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Fast food staff get skills with apprenticeship

By South Wales Evening Post  |  Posted: August 22, 2011

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FAST food workers in Swansea have joined thousands of colleagues across the country in completing an apprenticeship with McDonald's.

A total of 18 employees in the city have completed their apprenticeships with the firm, which are nationally recognised and accredited through City and Guilds.

The apprenticeship is equivalent to five GCSEs and sits in the middle of the McDonald's learning ladder, ranging from work experience for school pupils aged 16 and up to a foundation degree in managing business operations for restaurant managers.

Emma Littleford, a newly qualified apprentice working at McDonald's outlet in Fabian Way, said the apprenticeship scheme ended up being more than just a useful training tool.

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The 20-year-old said: "Not only has it allowed me to gain another qualification and brush up on my maths and English skills, it's also had a very positive impact on my progression at work.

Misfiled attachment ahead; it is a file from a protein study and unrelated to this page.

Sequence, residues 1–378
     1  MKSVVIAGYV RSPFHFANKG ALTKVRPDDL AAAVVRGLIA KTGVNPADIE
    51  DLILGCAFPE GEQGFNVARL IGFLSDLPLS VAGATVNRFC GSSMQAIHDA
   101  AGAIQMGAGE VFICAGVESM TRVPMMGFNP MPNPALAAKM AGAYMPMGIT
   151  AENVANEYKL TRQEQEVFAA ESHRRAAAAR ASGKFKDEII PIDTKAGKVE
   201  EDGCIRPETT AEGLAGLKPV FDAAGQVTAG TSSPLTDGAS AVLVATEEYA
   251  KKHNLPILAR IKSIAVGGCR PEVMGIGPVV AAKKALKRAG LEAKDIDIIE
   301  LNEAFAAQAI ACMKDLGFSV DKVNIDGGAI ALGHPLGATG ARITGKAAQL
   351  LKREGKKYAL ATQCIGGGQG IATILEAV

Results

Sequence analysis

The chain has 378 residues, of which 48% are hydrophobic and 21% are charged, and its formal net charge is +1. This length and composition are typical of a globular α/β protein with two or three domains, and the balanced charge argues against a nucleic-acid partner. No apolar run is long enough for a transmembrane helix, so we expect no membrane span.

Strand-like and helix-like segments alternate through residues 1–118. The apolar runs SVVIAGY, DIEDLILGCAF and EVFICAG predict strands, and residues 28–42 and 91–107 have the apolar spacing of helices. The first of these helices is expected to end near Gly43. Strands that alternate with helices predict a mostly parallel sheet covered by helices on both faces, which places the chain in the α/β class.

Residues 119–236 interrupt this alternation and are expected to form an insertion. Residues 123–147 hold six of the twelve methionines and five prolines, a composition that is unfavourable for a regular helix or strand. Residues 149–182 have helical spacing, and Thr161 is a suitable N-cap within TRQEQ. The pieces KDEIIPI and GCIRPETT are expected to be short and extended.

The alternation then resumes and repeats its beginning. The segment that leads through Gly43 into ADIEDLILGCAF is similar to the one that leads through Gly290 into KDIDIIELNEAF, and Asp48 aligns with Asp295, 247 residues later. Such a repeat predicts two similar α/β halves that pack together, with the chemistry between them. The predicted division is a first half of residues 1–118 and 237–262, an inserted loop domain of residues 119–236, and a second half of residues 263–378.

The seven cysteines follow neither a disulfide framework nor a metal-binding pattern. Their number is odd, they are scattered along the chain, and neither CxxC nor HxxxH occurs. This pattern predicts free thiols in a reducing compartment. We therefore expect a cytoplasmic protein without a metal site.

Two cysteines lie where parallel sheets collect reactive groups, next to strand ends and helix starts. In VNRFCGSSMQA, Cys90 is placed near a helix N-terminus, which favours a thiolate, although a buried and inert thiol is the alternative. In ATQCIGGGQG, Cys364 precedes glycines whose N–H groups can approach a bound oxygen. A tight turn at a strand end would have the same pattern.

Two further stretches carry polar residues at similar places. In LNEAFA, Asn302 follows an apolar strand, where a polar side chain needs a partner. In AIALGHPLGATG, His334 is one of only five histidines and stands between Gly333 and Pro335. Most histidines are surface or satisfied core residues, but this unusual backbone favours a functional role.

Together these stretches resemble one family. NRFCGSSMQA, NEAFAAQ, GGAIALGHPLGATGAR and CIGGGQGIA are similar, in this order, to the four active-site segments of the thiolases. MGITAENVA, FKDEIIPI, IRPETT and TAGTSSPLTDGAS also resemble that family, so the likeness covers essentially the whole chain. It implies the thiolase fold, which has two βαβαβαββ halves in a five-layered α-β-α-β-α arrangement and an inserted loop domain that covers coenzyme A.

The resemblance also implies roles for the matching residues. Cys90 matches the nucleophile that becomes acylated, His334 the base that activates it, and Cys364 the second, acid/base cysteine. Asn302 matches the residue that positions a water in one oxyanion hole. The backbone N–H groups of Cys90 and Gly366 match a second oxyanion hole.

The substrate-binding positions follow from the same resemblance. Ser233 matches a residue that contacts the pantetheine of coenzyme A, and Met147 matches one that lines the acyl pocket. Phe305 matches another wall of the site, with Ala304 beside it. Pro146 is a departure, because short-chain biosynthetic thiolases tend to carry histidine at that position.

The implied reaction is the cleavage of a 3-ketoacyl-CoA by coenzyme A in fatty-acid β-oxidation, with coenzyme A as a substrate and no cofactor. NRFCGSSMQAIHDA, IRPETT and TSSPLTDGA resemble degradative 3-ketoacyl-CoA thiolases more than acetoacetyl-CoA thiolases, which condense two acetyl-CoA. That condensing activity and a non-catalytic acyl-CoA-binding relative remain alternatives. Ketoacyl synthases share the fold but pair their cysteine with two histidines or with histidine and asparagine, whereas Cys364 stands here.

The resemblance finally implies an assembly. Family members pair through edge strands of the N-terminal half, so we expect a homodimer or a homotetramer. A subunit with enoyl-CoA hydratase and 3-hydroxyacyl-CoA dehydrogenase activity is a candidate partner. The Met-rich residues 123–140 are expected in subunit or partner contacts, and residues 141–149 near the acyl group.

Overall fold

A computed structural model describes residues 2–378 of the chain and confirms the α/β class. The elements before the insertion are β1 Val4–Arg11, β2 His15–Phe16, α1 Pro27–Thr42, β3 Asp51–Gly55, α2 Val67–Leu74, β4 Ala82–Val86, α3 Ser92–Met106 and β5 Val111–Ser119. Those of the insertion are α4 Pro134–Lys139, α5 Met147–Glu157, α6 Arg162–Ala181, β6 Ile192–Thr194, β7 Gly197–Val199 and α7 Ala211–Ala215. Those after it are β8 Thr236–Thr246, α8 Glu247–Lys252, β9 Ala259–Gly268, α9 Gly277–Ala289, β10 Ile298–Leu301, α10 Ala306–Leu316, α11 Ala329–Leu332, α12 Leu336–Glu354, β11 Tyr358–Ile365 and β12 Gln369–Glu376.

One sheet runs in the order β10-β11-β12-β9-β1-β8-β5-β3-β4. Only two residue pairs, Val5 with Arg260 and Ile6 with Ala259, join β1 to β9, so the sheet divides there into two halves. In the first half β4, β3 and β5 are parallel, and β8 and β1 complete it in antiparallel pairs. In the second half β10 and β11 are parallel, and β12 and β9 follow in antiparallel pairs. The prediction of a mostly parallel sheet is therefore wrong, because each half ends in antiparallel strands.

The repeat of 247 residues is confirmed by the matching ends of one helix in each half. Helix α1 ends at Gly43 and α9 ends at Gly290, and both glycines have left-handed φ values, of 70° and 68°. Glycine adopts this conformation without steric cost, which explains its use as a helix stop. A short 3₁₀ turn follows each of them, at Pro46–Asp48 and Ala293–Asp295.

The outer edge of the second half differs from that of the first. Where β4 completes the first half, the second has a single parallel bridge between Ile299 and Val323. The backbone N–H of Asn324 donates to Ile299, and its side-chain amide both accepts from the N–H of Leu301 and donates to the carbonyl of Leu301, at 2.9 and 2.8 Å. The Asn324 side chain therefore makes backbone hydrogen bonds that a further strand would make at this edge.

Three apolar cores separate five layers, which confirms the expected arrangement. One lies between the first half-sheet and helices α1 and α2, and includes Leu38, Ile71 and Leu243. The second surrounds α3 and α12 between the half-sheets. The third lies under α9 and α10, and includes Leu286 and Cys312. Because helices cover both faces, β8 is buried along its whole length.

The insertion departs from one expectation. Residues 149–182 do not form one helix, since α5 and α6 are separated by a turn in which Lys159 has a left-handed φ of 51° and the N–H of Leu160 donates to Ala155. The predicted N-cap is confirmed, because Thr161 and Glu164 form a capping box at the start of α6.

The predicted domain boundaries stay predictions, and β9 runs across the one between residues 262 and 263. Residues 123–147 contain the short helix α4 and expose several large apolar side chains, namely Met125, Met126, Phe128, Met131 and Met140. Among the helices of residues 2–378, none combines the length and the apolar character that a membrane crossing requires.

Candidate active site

"I believe that without the skills I learnt on the course, I wouldn't be in my current position as floor manager and working towards the next level of management.

"In today's competitive job market, it's so important to have an edge over everybody else and I think vocational qualifications like the apprenticeship scheme are the perfect way for people to boost their CVs. It doesn't matter whether you're a university graduate or left school with no qualifications, it really is accessible to everyone and the best part is you can continue earning whilst learning.

"I couldn't recommend it highly enough."

McDonald's franchisee Ron Mounsey said: "The education landscape in the UK is currently evolving in the midst of the changing economic climate, and as a result, vocational qualifications are more relevant than ever before since they provide people with the opportunity to continue gaining qualifications at the same time as working in a relevant employment sector.

"I'm proud to be able to offer local people this type of opportunity in the form of our apprenticeship programme and I believe it is important for more businesses to invest in such training opportunities.

"Giving people the chance to learn and earn means I can attract the very best people.

"The skills staff develop on the apprenticeship programme can help increase their enthusiasm, confidence and professional attitude which is good for them, good for business and good for our customers too.

"Ultimately, any business that invests in people now during tougher times will help our economy in the long term by helping strengthen the task force."

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